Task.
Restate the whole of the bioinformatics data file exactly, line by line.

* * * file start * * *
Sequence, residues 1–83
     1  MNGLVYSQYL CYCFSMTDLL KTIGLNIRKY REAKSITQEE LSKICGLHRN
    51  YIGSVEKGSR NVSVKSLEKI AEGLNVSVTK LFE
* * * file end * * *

Sequence, residues 1–83
     1  MNGLVYSQYL CYCFSMTDLL KTIGLNIRKY REAKSITQEE LSKICGLHRN
    51  YIGSVEKGSR NVSVKSLEKI AEGLNVSVTK LFE